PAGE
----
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    Tragedy near sf 5 dead-gctid371902

    http://www.ksbw.com/news/central-cal...z/-/index.html

    A tragic sailing accident during a 100 year old race around The Farallone Islands happened two days ago. 3 weeks earlier during the Clipper cup Round the world race, a 65' one design racing boat took a knock down so severe that they broke their mast and disabled the rudder requiring a tow by the US coast guard 350 miles to the bay. At this time the Coast Guard has called off the search for the 4 missing crew. The Farallones are rocky inhospitable islands. The Coast Guard was able retrieve two badly bruised crew from the island , one clinging to a rock and dead member from the water. I raced sailboats for years in these waters and in this race several times. This is not the first time people have died racing out and around this island. Many Sailboat racers myself included felt we were better sailors for sailing in dangerous conditions and in fact looked forward proving to ourselves and others just what great seamen we were. I would venture a guess that there were maybe four of the crew on this boat that were competent and four that are referred to as rail meat. There was probably one guy on the foredeck, a helmsman, and a couple of trimmers. The helmsman likely the owner driver. The other four were interested sailors but probably not capable of sailing this boat. This amateur racing after all. My point is this, the skipper is ultimately responsible for the safety of his crew, he made the decision to continue racing when others were bailing out and heading in. I don't the dynamics of the crew but I would be surprised if everyone on that boat new it's limits and the limits of the crew sailing it. The skipper should know what he was exposing his crew to, he took a gamble that they could handle the conditions and they didn't. I've been lucky, I've taken those chances and got by with it. In fact I carried this caviler attitude with me when I started power boating exposing myself and others as I experimented with the limits of my boats. I still find myself enamored with the thrill and ego pumping of testing the limits of boating. Every once in a while something like this comes along and slaps you right on the face, this could have been me, I could have been responsible for the loss of family and friends. I'm 67 almost 68 and I still feel the pull of testing myself and my boats, the adventure. There can be consequences, is it worth it. Be safe.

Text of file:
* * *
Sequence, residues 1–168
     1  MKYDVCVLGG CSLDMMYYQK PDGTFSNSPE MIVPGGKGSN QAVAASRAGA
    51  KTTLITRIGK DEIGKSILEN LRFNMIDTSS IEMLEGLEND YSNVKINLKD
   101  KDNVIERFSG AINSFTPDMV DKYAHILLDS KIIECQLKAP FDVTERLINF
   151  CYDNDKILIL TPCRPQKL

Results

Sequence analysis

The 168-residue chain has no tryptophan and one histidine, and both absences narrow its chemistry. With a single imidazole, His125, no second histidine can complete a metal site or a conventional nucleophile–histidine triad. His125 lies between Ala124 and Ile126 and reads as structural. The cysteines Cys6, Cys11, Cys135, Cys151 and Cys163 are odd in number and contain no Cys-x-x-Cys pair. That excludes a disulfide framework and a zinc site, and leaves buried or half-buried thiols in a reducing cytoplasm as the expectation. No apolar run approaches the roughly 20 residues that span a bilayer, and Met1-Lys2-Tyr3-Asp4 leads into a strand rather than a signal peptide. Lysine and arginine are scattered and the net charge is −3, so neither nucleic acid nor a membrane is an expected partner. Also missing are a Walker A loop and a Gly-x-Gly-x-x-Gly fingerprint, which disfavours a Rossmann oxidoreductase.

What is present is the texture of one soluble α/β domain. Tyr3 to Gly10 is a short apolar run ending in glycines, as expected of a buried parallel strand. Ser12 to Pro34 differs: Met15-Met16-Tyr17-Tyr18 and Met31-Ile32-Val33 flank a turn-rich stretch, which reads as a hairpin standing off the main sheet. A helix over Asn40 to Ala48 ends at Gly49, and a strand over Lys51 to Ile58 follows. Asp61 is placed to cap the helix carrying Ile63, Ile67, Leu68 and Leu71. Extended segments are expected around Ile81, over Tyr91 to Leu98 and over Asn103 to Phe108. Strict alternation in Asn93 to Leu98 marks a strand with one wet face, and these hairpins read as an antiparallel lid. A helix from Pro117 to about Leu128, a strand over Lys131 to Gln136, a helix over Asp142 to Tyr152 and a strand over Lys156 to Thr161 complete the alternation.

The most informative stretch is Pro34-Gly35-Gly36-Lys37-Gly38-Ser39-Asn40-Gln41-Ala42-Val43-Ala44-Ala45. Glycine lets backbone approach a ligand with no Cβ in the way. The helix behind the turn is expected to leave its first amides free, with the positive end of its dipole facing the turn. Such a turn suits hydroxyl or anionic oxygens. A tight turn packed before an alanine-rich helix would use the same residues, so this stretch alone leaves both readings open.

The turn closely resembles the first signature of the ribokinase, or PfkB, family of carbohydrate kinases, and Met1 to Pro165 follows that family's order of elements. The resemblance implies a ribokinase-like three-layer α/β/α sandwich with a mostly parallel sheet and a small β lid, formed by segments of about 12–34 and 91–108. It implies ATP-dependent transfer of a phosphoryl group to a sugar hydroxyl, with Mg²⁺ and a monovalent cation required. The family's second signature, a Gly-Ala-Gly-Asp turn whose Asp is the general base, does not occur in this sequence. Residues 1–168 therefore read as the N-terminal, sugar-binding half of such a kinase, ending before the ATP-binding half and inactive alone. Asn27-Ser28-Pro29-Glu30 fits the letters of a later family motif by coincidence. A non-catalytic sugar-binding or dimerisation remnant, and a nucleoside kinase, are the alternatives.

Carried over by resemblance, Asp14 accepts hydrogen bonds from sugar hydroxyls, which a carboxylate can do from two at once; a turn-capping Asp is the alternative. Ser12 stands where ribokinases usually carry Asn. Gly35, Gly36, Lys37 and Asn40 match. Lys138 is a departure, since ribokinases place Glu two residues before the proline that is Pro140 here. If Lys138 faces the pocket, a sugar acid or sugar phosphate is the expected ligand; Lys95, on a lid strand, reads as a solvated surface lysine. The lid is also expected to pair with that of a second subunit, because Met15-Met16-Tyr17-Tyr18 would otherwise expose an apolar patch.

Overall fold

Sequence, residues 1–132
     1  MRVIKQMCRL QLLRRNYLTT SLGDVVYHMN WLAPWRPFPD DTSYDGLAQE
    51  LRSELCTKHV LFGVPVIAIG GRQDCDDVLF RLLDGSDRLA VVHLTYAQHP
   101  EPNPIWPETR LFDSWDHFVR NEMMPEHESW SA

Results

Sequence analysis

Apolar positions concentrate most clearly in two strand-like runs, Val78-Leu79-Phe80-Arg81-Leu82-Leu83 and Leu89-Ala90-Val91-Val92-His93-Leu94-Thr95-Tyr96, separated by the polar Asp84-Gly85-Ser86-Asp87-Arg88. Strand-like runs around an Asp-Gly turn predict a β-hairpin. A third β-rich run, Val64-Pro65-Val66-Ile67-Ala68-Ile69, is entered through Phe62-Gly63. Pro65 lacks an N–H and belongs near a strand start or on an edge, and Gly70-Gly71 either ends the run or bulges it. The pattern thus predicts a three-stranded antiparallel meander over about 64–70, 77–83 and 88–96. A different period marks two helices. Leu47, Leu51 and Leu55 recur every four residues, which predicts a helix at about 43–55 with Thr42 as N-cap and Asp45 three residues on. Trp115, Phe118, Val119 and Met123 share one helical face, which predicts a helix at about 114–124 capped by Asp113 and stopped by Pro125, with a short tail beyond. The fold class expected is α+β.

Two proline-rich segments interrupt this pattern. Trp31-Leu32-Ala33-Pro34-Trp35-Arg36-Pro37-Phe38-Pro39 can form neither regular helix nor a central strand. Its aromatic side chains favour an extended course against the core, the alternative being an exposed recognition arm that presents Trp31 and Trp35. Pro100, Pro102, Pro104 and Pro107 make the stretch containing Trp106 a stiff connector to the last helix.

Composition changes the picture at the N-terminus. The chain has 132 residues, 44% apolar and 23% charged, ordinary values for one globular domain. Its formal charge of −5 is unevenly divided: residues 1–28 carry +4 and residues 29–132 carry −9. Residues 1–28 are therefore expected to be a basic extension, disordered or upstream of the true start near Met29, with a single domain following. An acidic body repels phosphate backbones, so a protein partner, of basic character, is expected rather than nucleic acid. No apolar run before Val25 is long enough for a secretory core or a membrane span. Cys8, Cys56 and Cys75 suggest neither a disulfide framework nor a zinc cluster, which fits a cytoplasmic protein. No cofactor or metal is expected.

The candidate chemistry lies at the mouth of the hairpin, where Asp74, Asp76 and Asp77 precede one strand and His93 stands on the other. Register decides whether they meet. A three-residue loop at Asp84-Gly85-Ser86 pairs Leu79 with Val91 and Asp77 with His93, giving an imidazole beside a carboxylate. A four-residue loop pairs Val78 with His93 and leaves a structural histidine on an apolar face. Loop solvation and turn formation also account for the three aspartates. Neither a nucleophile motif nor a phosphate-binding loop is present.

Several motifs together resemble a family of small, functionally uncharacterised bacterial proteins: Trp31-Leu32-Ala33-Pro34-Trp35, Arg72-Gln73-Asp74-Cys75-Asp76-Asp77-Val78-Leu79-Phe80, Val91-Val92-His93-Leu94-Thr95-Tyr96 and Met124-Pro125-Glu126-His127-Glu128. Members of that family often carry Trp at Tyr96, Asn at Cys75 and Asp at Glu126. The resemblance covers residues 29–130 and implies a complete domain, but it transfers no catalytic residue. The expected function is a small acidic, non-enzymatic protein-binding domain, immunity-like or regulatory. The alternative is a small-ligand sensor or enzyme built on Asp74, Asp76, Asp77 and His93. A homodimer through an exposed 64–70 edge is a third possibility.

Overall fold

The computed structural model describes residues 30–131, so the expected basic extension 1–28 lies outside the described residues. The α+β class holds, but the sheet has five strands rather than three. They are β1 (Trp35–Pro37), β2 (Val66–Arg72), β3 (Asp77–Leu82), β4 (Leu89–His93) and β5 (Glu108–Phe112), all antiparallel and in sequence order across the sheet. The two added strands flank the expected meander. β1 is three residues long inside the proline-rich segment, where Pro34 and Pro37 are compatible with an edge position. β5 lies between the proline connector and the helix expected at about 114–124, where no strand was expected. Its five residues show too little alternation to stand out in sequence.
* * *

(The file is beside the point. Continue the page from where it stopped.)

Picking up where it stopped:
#2
    This hit way too close to home. The crew consisted of experienced and seasoned sailors, with the exception of one. They hugged the coast of the southeast island too closely to shave a few minutes from their time, got struck by a wave, a man overboard situation arose, they turned the boat back to retrieve the crew when they were struck by a second wave. If the crew were tetherd, this could have been avoided. If they kept a safe distance from the island, they would still be alive. This race rewards those who take unreasonable risks. Very sad.

    Comment


      #3
      I saw this earlier, tragic loss. Condolences to the families involved...
      Jeff & Tara
      (And Ginger too)
      Lake Havasu City, AZ

      2000 Bayliner 3388
      "GetAway"
      Cummins 4bta 250s

      In memory of Shadow, the best boat dog ever. Rest in peace, girl. July 2, 2010

      Comment


        #4
        I've been around that rock many times in good conditions and bad. An old sailing buddy of mine called me last night and said 'I guess these kids now days don't believe in lee shores'. True words for sailors and powerboaters. I've rounded close in good weather and stood off in bad. There's a lot of surge, backwash and odd surf angles on that end of the rock. If you get caught in there with just sail power, you are done.